Twenty-one students joined Phi Alpha Theta at the annual initiation banquet in February 2009. Irene Guenther and Tim McMahon were faculty advisors to PAT this year, which also held a number of events during the academic year, including a workshop on applying to graduate and law school and two “movie nights” (in which department faculty introduced and provided historical context for classic movies; Michael Donoghue did “Dr. Strangelove,” while Kristen Foster and Dave McDaniel handled “Easy Rider”). Lezlie Knox delivered the after-dinner talk at the initiation banquet. President Charles Keenan attended the regional PAT conference the Twin Cities in February.
Nicholas Baumgartner, the recipient of a Dean’s Merit Scholarship, will attend De Paul University School of Law in the fall.
Danielle Decker and Chris McFadin earned recognition as the first Mellon-funded grant winners for the department’s new undergraduate research assistantships for 2009-2010. McFadin will be working with Dr. Julius Ruff and Decker will be working with Dr. Michael Donoghue.
Grete Engel was awarded a Dean’s scholarship to attend the New England Law School in Boston in the fall.
Nika Grabavoy will attend Valparaiso Law School in the fall.
Erik Heinrichs received his Ph.D. in early modern European history from Harvard University (June 2009). The dissertation examines the medical and religious innovations developed during the constant plague epidemics in early modern Germany. He was first introduced to his primary sources by Ronald Zupko while he was an undergraduate at Marquette.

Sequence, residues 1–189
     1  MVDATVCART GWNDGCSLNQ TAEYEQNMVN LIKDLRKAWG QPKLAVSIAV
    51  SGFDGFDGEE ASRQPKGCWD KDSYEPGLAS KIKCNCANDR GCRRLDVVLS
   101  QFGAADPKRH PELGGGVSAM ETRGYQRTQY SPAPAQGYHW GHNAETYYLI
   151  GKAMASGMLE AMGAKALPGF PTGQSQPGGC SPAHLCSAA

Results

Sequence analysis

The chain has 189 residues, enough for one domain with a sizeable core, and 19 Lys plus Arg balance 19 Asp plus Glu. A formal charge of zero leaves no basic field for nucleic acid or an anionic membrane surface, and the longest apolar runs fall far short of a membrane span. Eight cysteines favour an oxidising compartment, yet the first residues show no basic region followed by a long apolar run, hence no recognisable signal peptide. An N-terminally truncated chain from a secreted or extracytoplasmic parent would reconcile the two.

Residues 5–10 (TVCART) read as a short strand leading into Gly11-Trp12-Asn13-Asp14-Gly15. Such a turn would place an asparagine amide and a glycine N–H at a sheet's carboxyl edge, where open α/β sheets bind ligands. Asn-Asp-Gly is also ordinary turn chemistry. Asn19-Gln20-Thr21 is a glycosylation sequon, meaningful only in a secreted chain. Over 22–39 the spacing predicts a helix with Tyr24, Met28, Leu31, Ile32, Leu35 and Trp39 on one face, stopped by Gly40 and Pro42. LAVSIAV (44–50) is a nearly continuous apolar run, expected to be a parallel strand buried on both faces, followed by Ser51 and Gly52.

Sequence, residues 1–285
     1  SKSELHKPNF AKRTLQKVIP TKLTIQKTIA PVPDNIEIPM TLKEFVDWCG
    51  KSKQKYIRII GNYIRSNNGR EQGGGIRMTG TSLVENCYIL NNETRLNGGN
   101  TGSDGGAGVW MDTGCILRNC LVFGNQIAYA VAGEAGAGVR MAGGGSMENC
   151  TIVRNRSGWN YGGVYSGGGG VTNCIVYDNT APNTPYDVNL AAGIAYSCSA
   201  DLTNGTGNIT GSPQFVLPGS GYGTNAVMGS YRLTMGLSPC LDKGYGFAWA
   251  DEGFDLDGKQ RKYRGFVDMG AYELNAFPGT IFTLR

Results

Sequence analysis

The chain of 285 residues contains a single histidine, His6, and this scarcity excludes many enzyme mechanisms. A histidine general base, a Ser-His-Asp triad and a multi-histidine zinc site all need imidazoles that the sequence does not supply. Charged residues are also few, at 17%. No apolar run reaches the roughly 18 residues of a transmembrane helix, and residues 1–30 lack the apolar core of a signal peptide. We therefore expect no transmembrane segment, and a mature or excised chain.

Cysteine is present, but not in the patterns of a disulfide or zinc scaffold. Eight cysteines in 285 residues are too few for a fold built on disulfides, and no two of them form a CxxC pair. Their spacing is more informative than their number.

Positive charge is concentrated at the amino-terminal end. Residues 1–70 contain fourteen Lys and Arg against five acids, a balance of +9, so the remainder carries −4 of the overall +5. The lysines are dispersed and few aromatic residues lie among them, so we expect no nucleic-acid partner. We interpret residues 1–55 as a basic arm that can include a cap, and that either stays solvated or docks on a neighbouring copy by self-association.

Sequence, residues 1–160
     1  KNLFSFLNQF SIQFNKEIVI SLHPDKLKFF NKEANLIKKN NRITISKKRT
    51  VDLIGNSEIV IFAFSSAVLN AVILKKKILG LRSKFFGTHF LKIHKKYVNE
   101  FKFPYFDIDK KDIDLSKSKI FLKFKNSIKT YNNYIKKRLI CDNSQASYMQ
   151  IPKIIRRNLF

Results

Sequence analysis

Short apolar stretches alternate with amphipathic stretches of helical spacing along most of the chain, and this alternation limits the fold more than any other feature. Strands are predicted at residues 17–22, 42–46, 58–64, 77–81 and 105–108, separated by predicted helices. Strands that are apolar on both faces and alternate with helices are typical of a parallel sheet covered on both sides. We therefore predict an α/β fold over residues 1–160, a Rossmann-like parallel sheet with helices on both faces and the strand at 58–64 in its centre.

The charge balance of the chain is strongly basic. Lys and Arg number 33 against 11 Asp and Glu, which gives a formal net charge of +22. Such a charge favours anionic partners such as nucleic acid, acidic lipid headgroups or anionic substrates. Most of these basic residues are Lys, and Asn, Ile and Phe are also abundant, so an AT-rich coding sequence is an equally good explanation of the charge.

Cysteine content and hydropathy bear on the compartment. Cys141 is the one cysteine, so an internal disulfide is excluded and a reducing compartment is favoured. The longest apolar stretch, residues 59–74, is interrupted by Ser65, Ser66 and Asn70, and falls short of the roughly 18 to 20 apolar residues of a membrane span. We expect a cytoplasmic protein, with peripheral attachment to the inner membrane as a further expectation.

Mark Kelley won the Library’s Maria Dittman Research Paper Competition in the undergraduate category for his paper “The Golden Age of Comic Books; Representations of American Culture from the Great Depression to the Cold War.” He wrote the paper in Kristen Foster’s Social and Cultural History of the United States course.
Charles Keenan, the Phi Alpha Theta Honor Society president for 2008-2009 and winner of the Boden Award for the outstanding history major for 2009, delivered a paper at the 17th Annual Clement S. Stacy Undergraduate Research Conference at Purdue University-Calumet. He will enter the PhD program at Northwestern University with a five-year guaranteed fellowship/assistantship package.
Phil Koski graduated cum laude and will be heading off to St. Louis University to study medieval history.
Dr. Lezlie Knox and Phil Koski after the Arts & Sciences graduation ceremony.
Emily Lonergan, who as part of the Pre-Law Scholars program completed her first year of law school as a senior, graduated in May and will begin her second year of studies at the MU Law School in the fall.
Marie Lynch, who was awarded a Loyola honors-at-entrance merit scholarship, will attend Loyola University Chicago in the fall.
Chris McFadin won the Jablonowski Award for his essay “The Nazi Conception of the Human Being” which he wrote in Irene Guenther’s Modern German History course.
Kathryn Rumer, who graduated with an Interdisciplinary Minor in Public History, will attend Louisiana State University to study for a Master’s in Library & Information Services with an archives specialization.
Nathan Viehl will attend law school at the University of Chicago in the fall.